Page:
Cac­tus feels planted

The mini SUV rides and rol­lls along well but it needs a de­cent auto to be a sharp prospect for Australia

The Advertiser - Motoring - - FIRST DRIVE -

CHAS­ING rally cars across north­ern Por­tu­gal is not the usual plan for a car launch.

When the car is the Citroen Cac­tus — still more than six months away from its Aus­tralian launch — and it’s an ex­clu­sive pre­view drive fol­low­ing the lat­est round of the World Rally Cham­pi­onship, we’re not com­plain­ing.

There are even eu­ca­lypts along­side the coun­try roads and a bush­fire burning high in the hills, just like home.

I can re­port that the Cac­tus has ex­cel­lent dust seal­ing and im­pres­sively sup­ple sus­pen­sion over an­cient cob­ble­stones yet cruises eas­ily at 120km/h. All this is in a car that’s smaller than it looks and has a boot that’s big­ger than it looks.

I like driv­ing the Cac­tus, even though a col­league com­plains about the driv­ing po­si­tion, and there are some sur­pris­ing de­sign touches in­clud­ing rear win­dows that pivot out in­stead of rolling down. Typ­i­cal Citroen.

If the French maker can get the Cac­tus’s price right for Australia and give us a proper au­to­matic, it could eas­ily be­come the brand’s best­seller down un­der. And per­haps even a car to be con­sid­ered in a headto-head against the Mazda CX-3 and Honda HR-V.

That means some­thing in the $24,000 range or bet­ter, even though Mazda has rat­tled the mini SUV con­tenders with a start­ing price of $19,990 and there are plenty of tid­dlers with sub-$30,000 stick­ers all com­pet­ing in the hottest new show­room class.

There is also the ques­tion of the auto, and not just Citroen’s robo­tised man­ual, but more on that later.

The Cac­tus is more than just a boxy lit­tle SUV that looks is if some­one has glued a cou­ple of mat­tresses on the doors. The five-door sits on the me­chan­i­cal pack­age of Citroen’s C3, it comes with petrol and diesel en­gines, there is a five-seater cabin and the min­i­mal­ist dash will work for peo­ple who favour style over sub­stance.

It’s smaller than I ex­pect, which we con­firm by stop­ping along­side the sim­i­larly sized Re­nault Cap­tur. It’s prob­a­bly the Tonka-toy looks that make it seem a bit chunky but there is am­ple space in­side. It will work for surf­boards or a pram, although there is a high load­ing lip to the boot.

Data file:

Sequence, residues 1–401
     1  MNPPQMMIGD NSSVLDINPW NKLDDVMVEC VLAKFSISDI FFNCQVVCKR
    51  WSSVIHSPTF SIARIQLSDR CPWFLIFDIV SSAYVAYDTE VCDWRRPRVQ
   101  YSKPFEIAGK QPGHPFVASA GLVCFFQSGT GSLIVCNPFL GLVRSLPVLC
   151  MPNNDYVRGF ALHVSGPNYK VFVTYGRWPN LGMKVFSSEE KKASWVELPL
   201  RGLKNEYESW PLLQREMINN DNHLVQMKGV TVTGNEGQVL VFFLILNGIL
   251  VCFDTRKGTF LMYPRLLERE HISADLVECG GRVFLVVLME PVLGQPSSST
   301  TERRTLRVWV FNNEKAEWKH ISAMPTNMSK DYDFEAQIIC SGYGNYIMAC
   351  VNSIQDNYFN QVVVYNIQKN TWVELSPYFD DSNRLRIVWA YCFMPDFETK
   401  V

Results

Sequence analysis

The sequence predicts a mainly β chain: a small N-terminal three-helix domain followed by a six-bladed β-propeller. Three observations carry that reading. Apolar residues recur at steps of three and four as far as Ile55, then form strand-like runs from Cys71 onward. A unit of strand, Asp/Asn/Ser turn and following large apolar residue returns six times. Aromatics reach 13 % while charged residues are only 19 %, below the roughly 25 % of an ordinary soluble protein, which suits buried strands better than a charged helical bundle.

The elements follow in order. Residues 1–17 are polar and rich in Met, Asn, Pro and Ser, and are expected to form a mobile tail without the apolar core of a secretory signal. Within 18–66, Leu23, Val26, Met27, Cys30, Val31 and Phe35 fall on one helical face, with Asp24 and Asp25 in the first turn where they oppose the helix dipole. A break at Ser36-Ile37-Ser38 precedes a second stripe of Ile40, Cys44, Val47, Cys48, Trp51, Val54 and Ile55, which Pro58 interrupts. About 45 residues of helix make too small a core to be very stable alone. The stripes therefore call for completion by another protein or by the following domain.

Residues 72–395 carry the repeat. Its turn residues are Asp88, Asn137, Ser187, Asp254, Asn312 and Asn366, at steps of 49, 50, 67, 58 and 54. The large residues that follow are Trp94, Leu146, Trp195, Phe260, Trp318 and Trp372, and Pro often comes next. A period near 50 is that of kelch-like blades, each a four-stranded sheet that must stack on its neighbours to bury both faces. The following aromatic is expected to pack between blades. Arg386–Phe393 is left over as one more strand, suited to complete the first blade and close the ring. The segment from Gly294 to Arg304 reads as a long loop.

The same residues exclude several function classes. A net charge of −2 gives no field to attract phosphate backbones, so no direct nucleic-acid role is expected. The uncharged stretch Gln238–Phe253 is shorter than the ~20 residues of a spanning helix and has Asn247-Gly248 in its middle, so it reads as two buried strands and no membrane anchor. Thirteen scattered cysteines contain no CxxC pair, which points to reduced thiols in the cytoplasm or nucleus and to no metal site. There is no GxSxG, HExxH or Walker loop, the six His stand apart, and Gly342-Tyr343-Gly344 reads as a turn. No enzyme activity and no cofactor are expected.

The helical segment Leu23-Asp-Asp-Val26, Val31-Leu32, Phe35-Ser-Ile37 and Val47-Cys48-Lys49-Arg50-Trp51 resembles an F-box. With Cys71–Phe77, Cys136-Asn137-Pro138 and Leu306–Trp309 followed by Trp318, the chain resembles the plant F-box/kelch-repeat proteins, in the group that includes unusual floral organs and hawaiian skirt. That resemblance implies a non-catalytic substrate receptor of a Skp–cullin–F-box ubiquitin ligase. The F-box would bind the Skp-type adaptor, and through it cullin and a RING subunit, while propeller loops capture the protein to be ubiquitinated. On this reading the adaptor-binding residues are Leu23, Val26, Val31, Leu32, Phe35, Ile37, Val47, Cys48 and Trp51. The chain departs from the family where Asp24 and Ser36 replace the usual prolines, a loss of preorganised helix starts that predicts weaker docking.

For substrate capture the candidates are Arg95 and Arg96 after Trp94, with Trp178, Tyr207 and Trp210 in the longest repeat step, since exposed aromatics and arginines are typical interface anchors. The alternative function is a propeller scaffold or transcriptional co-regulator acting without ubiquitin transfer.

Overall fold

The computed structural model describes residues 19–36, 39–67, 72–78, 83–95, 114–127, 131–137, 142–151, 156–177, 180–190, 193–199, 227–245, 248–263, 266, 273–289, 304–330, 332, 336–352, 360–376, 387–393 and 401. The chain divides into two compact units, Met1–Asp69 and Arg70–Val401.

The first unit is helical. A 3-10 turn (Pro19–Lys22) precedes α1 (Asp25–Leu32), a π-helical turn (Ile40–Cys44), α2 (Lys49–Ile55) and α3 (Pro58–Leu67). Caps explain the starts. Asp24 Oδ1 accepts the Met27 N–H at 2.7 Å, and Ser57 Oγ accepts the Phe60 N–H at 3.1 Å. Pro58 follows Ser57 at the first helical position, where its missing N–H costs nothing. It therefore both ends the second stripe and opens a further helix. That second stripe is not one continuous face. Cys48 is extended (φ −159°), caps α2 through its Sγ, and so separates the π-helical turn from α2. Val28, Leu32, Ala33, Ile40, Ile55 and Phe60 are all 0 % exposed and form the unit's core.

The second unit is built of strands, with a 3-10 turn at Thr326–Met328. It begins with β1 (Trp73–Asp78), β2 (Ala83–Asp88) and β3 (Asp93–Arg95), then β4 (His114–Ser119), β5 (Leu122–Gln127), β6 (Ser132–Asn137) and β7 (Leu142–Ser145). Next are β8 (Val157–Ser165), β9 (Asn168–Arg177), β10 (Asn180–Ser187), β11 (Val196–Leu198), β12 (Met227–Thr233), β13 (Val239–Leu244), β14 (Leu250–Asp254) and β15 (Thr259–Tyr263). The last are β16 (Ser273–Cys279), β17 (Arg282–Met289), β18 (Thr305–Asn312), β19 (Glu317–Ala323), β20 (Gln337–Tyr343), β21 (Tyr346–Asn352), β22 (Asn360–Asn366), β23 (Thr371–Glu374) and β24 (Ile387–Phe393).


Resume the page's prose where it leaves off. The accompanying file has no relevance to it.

On the down­side, I’m sur­prised that it only gets four stars in EuroNCAP when five is ex­pected in Australia.

My pre­view car is fit­ted with a 1.6-litre turbo diesel and fivespeed gear­box, en­cour­ag­ing me to shift early and of­ten. There is de­cent torque — 254Nm — for climb­ing cob­bled hills in the city of Porto and the very long, very dusty as­cent to watch Chris Meeke rac­ing through a spe­cial stage in his DS3.

Most Aus­tralians will pre­fer a petrol en­gine but the diesel is good. If only the French pref­er­ence for man­u­als, cur­rently still more than 90 per cent, was off­set by some un­der­stand­ing of the rest of the world’s de­sire for proper au­tos, such as the mod­ern six-speed I’ve just driven in Citroen’s up­dated DS3 and DS5.

“We’re still in dis­cus­sions about driv­e­trains for Australia. We would like a petrol and a diesel, as well as a man­ual and an au­to­matic,” says Citroen spokesman Tyson Bowen.

Citroen peo­ple hate jour­nal­ists to say or write “quirky” when it comes to their cars but that’s the best de­scrip­tion for the C4 Cac­tus.

There are quirks to the body­work and cabin, for ex­am­ple trim that com­bines work­ing-class cloth with mod­ern plas­tics, a nifty leather strap to pull the doors shut, a pas­sen­ger airbag that fires down from the roof, a truly gi­ant glove­box and USB ports in the dash and con­sole. The spec­i­fi­ca­tion is good, too, with touch­screen sat­nav and re­vers­ing cam­era.

I re­ally like the plush sofa feel of the seats, the mag­ic­car­pet-ride com­pli­ance of the sus­pen­sion and the dis­cov­ery of fea­tures such as the pop-out back win­dows that free space in the doors for ex­tra stor­age.

There are lots of ways to per­son­alise the car, es­pe­cially with 92 colour com­bi­na­tions, and there are use­ful roof rails.

Even the turbo diesel is quiet and the head­lamps work well.


My time at Rally Por­tu­gal ends. I’d be hap­pier if I knew there would be an auto Cac­tus but it’s been a good start for a car that ought to do well in Australia.

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